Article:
Jesus is quick to tell these men that they are mistaken. Their problem, as He states it, was that they both did not know the Scriptures, and did not know the power of God. Let us all strive to be guilty of neither of these!

In the resurrection, they neither marry nor are given in marriage, but are like the angels of God in heaven. Since we do not know how the angels’ marriage arrangements work, this statement does not help us much. Marrying is what a man does when he proposes to a girl and marries her, and giving in marriage is what a father does when he arranges a marriage for his daughter.

As for the resurrection, God is so sure of it that He speaks of Abraham, Isaac, and Jacob as if they were alive already. It would be good if we would speak likewise, knowing that our own resurrection is as sure as the sun rising tomorrow.

But so far we have only considered Matthew 22. This passage has parallels in both Mark 12 and Luke 20. Let us look at them for a moment.

Mark 12 has little to add to the argument that is not already in Matthew 22, but in Luke 20 we have an extra line added to Jesus’ argument that can help us to understand it. In Luke 20:34-36 we read,

And Jesus answered and said to them, “The sons of this age marry and are given in marriage. But those who are counted worthy to attain that age, and the resurrection from the dead, neither marry nor are given in marriage; nor can they die anymore, for they are equal to the angels and are sons of God, being sons of the resurrection.”

If we would take this argument as meaning what most teachers say that it means…that is, that there is no marriage in the resurrection…then we must ask ourselves why Christ included the phrase, “nor can they die anymore.” If that was indeed His argument, then this phrase makes no sense. Why the fact that men will be undying in the resurrection would have anything to do with whether they marry or not, and whether they are still sexual beings or have become neuter beings, I have yet to hear any Bible teacher explain. This information would seem to be superfluous, if this is indeed the argument our Lord was attempting to make.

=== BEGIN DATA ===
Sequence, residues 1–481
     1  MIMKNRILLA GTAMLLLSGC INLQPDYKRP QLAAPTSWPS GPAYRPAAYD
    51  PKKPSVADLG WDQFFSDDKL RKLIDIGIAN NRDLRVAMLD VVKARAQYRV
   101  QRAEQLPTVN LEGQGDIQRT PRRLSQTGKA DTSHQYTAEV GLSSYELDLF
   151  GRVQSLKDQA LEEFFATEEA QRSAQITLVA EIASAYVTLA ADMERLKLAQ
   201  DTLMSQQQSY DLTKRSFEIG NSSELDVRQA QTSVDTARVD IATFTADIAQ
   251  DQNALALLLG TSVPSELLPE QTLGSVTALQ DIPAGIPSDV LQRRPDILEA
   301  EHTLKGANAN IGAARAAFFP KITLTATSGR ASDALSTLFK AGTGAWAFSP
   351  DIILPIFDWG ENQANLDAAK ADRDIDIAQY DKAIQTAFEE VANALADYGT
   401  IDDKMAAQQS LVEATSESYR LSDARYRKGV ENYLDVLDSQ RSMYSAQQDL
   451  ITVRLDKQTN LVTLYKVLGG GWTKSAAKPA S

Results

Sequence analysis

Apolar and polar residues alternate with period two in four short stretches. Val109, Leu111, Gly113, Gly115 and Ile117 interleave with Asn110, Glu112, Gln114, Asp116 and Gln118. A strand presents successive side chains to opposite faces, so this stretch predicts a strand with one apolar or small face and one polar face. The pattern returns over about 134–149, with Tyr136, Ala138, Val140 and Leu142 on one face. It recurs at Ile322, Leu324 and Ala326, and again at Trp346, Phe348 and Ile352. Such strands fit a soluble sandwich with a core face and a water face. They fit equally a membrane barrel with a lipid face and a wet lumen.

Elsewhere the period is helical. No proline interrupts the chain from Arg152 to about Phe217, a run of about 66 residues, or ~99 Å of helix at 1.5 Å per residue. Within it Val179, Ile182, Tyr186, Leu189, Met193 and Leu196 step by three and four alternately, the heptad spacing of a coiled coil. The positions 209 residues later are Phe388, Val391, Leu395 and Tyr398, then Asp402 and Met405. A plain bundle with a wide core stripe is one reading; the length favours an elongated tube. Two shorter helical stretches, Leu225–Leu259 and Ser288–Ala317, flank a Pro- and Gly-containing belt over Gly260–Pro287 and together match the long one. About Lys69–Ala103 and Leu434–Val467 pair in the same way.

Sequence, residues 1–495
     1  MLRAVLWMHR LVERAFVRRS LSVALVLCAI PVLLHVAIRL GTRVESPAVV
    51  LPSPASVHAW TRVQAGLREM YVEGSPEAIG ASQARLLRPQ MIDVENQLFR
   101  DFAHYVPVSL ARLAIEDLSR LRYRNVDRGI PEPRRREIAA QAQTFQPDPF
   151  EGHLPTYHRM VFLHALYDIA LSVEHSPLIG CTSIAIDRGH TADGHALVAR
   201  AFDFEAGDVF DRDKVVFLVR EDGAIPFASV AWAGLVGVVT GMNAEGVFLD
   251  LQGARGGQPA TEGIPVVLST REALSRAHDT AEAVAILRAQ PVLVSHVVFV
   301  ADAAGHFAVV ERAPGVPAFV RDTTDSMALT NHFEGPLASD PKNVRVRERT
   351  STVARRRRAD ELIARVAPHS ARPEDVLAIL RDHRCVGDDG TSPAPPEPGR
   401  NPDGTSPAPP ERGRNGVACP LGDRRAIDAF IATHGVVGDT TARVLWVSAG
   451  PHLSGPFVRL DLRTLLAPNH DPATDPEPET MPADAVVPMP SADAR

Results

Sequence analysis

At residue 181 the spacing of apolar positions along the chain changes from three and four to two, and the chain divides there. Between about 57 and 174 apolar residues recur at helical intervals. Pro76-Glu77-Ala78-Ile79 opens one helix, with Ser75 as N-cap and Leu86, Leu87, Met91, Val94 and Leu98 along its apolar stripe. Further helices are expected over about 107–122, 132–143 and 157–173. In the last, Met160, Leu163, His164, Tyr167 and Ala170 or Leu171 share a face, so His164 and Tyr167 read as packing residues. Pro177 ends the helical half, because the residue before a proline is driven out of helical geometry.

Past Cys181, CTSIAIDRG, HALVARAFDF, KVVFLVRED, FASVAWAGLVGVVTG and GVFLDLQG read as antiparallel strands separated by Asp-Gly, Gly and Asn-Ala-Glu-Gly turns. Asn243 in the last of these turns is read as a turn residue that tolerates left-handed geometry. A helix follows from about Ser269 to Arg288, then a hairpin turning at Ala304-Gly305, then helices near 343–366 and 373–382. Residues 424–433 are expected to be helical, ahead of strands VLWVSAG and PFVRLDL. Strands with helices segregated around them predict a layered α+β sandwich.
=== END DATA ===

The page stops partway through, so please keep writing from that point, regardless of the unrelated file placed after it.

The other faulty part of this argument, I believe, is the belief that the angels are neuter beings, and therefore this passage is saying that we too will be neuter beings in the resurrection. If one would ask why it is believed that angels are neuter beings, this passage would be given as the proof. Therefore, we know that we will be neuter beings in the resurrection because this passage says that we will be as the angels, and we know that the angels are neuter beings because this passage says we will be like them in the resurrection, an argument which almost seems like circular reasoning to me.

The idea that the angels are neuter beings seems to me to be flawed. First of all, we know nothing of the marriage arrangements of angels. To claim that we know that they are neutral beings is only claiming to have knowledge that we do not have, something which Christ was admonishing the Sadducees for in this very passage! And since in Genesis 6:1-2, Jude 6-7, and other passages we seem to see the angels having sex with human women, the claim that they are neutral beings seems to me to be unfounded. How their sexuality is to be acted out according to God’s plan is a matter about which we know very little.

However, the passage in Luke does give us a clue whereby I believe we can arrive at a proper interpretation of this argument in all three of the gospels. The words, “nor can they die anymore,” shows that what the Lord was setting forth here was not the fact that they cannot marry in the resurrection, but why the problem the Pharisees were setting forth would be a moot point in the resurrection.